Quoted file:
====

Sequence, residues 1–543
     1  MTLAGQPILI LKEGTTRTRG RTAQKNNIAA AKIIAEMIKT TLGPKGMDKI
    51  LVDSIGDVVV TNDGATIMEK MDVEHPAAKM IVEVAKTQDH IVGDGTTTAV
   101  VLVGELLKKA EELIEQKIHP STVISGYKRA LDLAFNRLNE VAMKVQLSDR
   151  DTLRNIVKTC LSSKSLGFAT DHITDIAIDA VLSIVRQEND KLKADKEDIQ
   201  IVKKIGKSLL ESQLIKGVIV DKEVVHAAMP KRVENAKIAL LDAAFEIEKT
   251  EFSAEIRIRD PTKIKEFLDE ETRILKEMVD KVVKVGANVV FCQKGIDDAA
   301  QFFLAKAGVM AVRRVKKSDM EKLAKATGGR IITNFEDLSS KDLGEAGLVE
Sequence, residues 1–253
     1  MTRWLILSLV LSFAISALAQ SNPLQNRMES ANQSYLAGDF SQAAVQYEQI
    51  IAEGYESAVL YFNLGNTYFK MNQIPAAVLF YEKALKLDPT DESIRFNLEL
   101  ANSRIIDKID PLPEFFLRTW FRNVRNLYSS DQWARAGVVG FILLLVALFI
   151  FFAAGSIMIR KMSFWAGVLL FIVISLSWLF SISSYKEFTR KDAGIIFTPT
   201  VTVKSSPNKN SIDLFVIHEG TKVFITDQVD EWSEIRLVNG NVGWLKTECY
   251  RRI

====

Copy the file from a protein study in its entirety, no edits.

Sequence, residues 1–543
     1  MTLAGQPILI LKEGTTRTRG RTAQKNNIAA AKIIAEMIKT TLGPKGMDKI
    51  LVDSIGDVVV TNDGATIMEK MDVEHPAAKM IVEVAKTQDH IVGDGTTTAV
   101  VLVGELLKKA EELIEQKIHP STVISGYKRA LDLAFNRLNE VAMKVQLSDR
   151  DTLRNIVKTC LSSKSLGFAT DHITDIAIDA VLSIVRQEND KLKADKEDIQ
   201  IVKKIGKSLL ESQLIKGVIV DKEVVHAAMP KRVENAKIAL LDAAFEIEKT
   251  EFSAEIRIRD PTKIKEFLDE ETRILKEMVD KVVKVGANVV FCQKGIDDAA
   301  QFFLAKAGVM AVRRVKKSDM EKLAKATGGR IITNFEDLSS KDLGEAGLVE
Sequence, residues 1–253
     1  MTRWLILSLV LSFAISALAQ SNPLQNRMES ANQSYLAGDF SQAAVQYEQI
    51  IAEGYESAVL YFNLGNTYFK MNQIPAAVLF YEKALKLDPT DESIRFNLEL
   101  ANSRIIDKID PLPEFFLRTW FRNVRNLYSS DQWARAGVVG FILLLVALFI
   151  FFAAGSIMIR KMSFWAGVLL FIVISLSWLF SISSYKEFTR KDAGIIFTPT
   201  VTVKSSPNKN SIDLFVIHEG TKVFITDQVD EWSEIRLVNG NVGWLKTECY
   251  RRI